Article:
Origins Available: French
The surname lafont is derived from a child. The surname lafont is derived from the French "l'enfant," or perhaps from La Font or La Fin, which are both found in French records.
Early Origins of the lafont family
The surname lafont was first found in counties Tipperary
(Irish: Loch Garman), founded by Vikings
as Waesfjord, and located in Southeastern Ireland
, in the province of Leinster
, where they were granted lands by Strongbow
after the invasion of Ireland
Early History of the lafont family
This web page shows only a small excerpt of our lafont research.Another 309 words (22 lines of text) covering the year 1200 is included under the topic Early lafont History in all our PDF Extended History products and printed products wherever possible.
lafont Spelling Variations
During the lifetime of an individual person, his name was often spelt by church officials and medieval scribes the way it sounded. An examination of the many different origins of each name has revealed many spelling variations
for the name: Laffan, Laffin, La Font, Laffhan and others.
Early Notables of the lafont family (pre 1700)
More information is included under the topic Early lafont Notables in all our PDF Extended History products
and printed products wherever possible.
Migration of the lafont family to the New World and Oceana
Ireland's Great Potato Famine
left the country's inhabitants in extreme poverty and starvation. Many families left their homeland for North America for the promise of work, freedom and land ownership. Although the Irish were not free of economic and racial discrimination in North America, they did contribute greatly to the rapid development of bridges, canals, roads, and railways. Eventually, they would be accepted in other areas such as commerce, education, and the arts. An examination of immigration and passenger lists revealed many bearing the name lafont:
lafont Settlers in United States in the 19th Century
- Alejandro Lafont, who arrived in Puerto Rico in 1870 CITATION[CLOSE]
Filby, P. William, Meyer, Mary K., Passenger and immigration lists index : a guide to published arrival records of about 500,000 passengers who came to the United States and Canada in the seventeenth, eighteenth, and nineteenth centuries. 1982-1985 Cumulated Supplements in Four Volumes Detroit, Mich. : Gale Research Co., 1985, Print (ISBN 0-8103-1795-8)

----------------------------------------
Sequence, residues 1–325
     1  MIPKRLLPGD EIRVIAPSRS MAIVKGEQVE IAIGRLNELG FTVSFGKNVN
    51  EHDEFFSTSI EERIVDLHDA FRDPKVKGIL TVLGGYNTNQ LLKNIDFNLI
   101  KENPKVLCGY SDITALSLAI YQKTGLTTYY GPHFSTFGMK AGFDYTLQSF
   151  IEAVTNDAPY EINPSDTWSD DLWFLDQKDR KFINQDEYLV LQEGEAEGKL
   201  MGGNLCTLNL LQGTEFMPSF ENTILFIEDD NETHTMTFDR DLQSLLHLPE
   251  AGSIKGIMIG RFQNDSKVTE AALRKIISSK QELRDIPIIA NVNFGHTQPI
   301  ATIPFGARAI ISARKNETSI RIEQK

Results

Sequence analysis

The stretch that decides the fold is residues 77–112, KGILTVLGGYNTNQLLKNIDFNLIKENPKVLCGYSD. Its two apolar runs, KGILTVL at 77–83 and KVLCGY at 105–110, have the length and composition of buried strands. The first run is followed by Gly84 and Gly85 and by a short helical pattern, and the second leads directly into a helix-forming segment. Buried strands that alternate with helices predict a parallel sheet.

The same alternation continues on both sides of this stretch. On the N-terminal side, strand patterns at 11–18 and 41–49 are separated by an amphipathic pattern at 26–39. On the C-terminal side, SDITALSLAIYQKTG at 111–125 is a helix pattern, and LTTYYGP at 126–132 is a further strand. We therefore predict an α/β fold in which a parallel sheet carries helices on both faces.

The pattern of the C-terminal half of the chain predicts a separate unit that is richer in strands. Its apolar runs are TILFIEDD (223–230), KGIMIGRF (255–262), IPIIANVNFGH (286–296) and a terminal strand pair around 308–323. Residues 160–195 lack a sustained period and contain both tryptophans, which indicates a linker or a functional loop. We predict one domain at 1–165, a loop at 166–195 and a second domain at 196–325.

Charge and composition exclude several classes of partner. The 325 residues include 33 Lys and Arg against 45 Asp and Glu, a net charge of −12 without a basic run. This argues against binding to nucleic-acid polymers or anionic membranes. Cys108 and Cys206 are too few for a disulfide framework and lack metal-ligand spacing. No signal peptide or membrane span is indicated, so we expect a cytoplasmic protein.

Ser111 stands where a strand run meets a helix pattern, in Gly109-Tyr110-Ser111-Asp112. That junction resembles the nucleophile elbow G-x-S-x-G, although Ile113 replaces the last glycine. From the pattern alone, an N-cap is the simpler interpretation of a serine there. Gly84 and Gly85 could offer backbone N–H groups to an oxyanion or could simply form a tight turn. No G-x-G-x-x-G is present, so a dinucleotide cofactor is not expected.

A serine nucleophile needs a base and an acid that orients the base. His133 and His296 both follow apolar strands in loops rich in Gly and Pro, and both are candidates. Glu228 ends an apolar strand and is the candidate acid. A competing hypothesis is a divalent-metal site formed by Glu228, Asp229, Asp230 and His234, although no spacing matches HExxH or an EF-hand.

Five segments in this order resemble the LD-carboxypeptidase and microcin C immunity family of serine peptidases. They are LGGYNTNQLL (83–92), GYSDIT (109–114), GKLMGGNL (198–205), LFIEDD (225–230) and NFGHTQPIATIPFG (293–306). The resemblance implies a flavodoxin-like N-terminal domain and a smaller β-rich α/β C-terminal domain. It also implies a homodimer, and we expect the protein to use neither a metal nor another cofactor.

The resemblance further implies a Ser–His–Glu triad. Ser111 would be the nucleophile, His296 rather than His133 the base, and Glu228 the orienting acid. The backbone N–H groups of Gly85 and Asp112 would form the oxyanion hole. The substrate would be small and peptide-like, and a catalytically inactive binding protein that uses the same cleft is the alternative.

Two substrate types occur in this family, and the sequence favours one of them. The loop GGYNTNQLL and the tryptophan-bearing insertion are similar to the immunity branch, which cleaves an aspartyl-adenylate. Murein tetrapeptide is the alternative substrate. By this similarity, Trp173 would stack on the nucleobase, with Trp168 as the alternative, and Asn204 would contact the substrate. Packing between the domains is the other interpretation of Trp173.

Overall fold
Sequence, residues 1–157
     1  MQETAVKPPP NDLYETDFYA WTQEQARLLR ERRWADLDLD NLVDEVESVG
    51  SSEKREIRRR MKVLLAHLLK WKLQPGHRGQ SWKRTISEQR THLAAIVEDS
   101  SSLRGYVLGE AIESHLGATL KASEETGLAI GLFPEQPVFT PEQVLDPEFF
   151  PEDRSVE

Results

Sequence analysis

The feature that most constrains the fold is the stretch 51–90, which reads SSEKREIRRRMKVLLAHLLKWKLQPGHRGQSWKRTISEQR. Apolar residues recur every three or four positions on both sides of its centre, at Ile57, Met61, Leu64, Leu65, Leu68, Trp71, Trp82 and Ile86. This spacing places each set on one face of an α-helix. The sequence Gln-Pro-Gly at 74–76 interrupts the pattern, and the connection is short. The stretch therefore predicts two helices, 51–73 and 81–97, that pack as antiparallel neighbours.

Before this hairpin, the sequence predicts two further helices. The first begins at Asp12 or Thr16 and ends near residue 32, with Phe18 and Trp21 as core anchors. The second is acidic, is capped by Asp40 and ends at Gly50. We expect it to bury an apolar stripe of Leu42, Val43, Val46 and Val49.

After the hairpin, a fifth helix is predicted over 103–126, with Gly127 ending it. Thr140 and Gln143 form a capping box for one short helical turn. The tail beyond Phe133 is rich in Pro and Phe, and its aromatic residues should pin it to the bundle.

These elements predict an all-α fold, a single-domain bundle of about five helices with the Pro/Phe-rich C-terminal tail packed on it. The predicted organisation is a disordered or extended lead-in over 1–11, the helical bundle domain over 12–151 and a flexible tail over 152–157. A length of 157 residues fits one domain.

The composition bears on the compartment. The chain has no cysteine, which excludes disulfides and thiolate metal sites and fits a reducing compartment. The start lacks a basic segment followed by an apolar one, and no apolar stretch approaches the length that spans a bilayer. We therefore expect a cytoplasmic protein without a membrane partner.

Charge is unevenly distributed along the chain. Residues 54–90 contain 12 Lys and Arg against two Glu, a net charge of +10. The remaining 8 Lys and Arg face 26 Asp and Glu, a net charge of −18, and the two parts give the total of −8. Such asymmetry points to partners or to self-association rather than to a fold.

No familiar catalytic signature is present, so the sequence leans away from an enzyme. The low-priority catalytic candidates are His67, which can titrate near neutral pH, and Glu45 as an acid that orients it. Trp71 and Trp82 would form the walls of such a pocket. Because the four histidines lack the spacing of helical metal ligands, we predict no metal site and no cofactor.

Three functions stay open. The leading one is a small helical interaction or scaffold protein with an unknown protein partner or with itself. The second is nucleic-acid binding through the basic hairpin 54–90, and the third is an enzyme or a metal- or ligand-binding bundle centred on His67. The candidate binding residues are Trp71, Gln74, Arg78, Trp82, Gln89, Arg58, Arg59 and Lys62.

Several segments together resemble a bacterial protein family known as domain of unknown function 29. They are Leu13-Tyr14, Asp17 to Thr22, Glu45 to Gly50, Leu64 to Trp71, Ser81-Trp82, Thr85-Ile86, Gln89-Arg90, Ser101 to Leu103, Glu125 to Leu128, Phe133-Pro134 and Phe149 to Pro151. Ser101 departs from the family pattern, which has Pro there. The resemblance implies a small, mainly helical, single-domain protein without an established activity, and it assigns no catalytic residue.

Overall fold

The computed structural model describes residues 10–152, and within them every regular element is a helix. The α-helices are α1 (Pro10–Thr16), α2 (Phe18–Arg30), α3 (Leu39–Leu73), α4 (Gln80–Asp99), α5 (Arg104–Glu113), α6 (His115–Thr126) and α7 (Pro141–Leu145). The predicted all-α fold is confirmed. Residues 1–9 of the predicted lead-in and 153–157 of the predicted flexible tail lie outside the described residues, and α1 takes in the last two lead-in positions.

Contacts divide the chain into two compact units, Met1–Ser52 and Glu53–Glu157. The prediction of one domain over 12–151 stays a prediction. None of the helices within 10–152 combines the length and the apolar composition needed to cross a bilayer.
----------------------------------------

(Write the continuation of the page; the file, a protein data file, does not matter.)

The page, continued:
Contemporary Notables of the name lafont (post 1700)
- Elie Lafont, French Brigadier General during the French Revolutionary and Napoleonic Wars from 1789 to 1815 CITATION[CLOSE]
Generals Who Served in the French Army during the Period 1789-1815. (Retrieved 2015, March 25) Elie Lafont. Retrieved from http://www.napoleon-series.org/research/c_frenchgenerals.html
- Bernadette Lafont (1938-2013), French Cesar Award winning actress who appeared in more than 120 films
- Lieutenant-General Michel-Laurent Lafont (1874-1961), French General Officer Comanding 18th Military Region (1940) CITATION[CLOSE]
Generals of World War II. (Retrieved 2011, October 5) Michel-Laurent Lafont. Retrieved from http://generals.dk/general/Lafont/Michel-Laurent-Marie-Joseph/France.html
The lafont Motto
The motto was originally a war cry or slogan. Mottoes first began to be shown with arms in the 14th and 15th centuries, but were not in general use until the 17th century. Thus the oldest coats of arms generally do not include a motto. Mottoes seldom form part of the grant of arms: Under most heraldic authorities, a motto is an optional component of the coat of arms, and can be added to or changed at will; many families have chosen not to display a motto.
Motto: Vincit omnia veritas
Motto Translation: Truth conquers all things.